Knitting circles stitch ‘knitted knockers’ for breast cancer survivors

In a church hall in Wodonga, near the NSW-Victorian border, a group of women are meeting for their regular knitting circle.


There’s not a woolly hat or jumper in sight — just knitted cotton breasts.

The group’s organiser, Gwenda Howard, says the unusual subject creates plenty of giggles.

“We always get a lot of laughs out of them, of course,” she said.

It’s a funny concept for a serious purpose; the knitted breasts are actually prostheses for breast cancer survivors.

Many of the knitters feel personally connected to the cause.

“My own mother died of breast cancer many years ago, so I did feel I had a little bit of an affinity with it,” said Gwenda.

“I’ve got 55 knitters altogether. A lot of them have been touched by breast cancer. Some of them are, of course, breast cancer survivors themselves, so I think everyone can relate to it.”

Elizabeth is one of the knitters – and a breast cancer survivor.

Since wearing a soft knitted prosthetic she said she’ll never go back to the synthetic variety.

“It has made a big difference, because I did have a synthetic one, and it affected my neck, I was forever with my neck out of joint,” she said. 

“So since I’ve had this, which is about 18 months, I haven’t had anything done to my neck, which is wonderful.”

Under a bright red top, another knitter, Merle, wears two of the so-called knitted knockers.

Not that anyone can tell.

“They’re so natural feeling. Like if I bump into someone, they don’t know, it’s not the real boob,” she said.

“Before, you could always see the look in their eye, like, ‘that feels a bit strange’. But these are so natural feeling and if you bump into someone, they don’t know it’s not you.”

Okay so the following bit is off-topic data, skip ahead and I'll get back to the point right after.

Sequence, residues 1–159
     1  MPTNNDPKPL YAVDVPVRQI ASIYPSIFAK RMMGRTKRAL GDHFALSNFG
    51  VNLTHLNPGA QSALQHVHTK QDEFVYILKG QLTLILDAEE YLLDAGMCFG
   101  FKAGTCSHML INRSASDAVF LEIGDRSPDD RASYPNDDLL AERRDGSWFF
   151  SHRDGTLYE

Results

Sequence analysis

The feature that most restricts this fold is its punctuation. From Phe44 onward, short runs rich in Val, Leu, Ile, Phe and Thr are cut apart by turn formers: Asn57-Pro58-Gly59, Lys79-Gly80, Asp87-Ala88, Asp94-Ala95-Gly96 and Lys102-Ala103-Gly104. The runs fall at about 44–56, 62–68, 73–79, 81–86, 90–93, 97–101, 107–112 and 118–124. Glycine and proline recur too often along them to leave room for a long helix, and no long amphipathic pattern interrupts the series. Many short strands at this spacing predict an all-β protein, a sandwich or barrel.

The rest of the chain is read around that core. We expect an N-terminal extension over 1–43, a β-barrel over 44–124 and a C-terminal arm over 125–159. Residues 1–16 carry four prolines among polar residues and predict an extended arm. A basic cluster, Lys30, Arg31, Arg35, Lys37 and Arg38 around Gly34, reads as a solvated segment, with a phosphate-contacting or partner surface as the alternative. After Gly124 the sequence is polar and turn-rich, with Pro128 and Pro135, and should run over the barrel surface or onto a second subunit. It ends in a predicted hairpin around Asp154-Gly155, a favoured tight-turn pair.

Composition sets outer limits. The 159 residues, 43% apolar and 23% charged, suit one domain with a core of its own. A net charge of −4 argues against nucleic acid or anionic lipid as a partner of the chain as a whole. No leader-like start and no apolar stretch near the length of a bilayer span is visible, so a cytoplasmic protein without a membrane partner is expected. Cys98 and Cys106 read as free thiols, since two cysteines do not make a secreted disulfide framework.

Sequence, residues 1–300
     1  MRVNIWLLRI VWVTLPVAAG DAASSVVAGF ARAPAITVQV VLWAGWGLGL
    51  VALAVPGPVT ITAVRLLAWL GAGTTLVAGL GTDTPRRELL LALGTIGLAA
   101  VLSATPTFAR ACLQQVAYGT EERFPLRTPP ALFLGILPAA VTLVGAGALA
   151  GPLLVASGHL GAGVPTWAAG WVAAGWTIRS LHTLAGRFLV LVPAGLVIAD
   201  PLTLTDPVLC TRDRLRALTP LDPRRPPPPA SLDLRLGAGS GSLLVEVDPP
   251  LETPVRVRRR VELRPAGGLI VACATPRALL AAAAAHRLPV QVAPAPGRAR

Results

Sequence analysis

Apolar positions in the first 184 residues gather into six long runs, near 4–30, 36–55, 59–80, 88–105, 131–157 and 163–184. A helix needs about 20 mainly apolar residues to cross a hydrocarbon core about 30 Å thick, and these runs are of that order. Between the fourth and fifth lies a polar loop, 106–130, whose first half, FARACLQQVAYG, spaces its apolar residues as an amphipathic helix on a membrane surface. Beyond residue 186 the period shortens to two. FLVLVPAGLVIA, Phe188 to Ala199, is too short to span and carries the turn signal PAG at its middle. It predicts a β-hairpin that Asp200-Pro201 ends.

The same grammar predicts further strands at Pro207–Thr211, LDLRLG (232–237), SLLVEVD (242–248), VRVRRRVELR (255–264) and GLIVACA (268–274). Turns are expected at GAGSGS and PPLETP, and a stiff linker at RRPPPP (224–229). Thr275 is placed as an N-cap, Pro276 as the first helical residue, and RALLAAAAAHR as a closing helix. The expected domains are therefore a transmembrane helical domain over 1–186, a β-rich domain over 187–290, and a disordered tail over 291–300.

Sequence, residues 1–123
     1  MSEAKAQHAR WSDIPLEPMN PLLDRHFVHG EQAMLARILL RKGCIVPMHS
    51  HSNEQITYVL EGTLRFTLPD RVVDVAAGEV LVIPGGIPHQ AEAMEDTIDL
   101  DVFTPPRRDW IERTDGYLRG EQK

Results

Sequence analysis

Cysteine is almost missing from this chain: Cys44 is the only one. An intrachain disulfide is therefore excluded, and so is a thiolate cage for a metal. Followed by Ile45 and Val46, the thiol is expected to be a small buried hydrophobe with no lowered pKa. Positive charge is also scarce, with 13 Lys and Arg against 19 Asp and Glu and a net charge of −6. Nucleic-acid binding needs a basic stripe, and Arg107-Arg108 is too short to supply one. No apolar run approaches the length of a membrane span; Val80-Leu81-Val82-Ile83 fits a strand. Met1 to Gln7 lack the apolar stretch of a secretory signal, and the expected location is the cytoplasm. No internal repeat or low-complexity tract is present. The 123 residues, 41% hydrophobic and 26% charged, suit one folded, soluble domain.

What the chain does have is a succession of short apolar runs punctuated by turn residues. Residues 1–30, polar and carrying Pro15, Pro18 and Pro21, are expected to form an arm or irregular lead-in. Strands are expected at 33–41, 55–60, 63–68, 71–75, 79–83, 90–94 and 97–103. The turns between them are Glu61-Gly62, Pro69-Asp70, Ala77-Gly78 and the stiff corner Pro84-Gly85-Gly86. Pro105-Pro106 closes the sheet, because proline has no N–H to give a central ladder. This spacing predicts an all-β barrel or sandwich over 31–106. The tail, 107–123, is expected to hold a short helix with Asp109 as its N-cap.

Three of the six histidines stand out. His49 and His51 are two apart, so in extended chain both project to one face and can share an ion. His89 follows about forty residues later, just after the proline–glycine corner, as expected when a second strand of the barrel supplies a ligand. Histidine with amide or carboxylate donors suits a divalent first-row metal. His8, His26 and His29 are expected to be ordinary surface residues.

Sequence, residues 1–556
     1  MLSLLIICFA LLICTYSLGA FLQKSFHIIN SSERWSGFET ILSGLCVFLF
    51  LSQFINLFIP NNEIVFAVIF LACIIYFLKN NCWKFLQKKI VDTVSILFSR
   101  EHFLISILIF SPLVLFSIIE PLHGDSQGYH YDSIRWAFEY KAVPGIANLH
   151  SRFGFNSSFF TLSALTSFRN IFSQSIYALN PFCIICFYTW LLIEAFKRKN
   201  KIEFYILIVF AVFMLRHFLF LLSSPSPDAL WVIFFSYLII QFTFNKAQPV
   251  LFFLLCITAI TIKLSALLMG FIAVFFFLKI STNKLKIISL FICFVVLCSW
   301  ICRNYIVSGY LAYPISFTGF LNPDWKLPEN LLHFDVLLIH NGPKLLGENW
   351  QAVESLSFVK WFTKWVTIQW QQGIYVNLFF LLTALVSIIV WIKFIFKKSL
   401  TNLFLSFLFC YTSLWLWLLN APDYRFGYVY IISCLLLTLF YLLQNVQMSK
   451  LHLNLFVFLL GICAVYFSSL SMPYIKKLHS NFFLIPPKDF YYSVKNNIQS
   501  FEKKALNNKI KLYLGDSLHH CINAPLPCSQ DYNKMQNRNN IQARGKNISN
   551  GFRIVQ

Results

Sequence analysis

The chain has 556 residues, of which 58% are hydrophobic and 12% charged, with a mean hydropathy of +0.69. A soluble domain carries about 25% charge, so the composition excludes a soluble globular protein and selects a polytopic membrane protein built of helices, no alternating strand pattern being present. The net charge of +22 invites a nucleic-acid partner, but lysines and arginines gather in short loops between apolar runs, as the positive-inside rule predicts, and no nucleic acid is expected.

There are groups just like this one all over the country, knitting as part of a charity movement called Knitted Knockers. The concept originally started in the US.

Cheryl Webster, President of the Australian branch, said the 100 per cent cotton knitted prostheses are popular here with women who live in hot climates, those who are older, and those who find synthetics uncomfortable.

“This is an alternative, and we have found that women even long-term mastectomy survivors are just wearing socks – or tissues,” she said.

Because it’s a knitted product, it’s designed to be the shape of a boob, you can just pop it in an ordinary bra.”

Cheryl said she sometimes hears stories of women who have taken drastic measures to fill their bras after surgery. She remembers one request from a young girl asking for a knitted knocker to replace the one her grandmother had fashioned for herself.

“She was using a soft ball, a pet rubber ball, she said she’d got it from the pet shop, it had spikes, she’d cut the spikes off and she was using this rubber ball.”

The knitted knockers are given out free, sometimes to hospitals, for women who have just undergone a mastectomy.

Cheryl knows first-hand why something so simple can make a difference.

“It’s to do with self-esteem,” she said.

Tugging at her own blue knitted ‘knocker’, hidden under her top, she says the removal of a breast can have a deep psychological affect.

“You don’t feel a real woman.”

To find out where to get a ‘Knitted Knocker’ or learn more about knitting, visit the organisation’s website.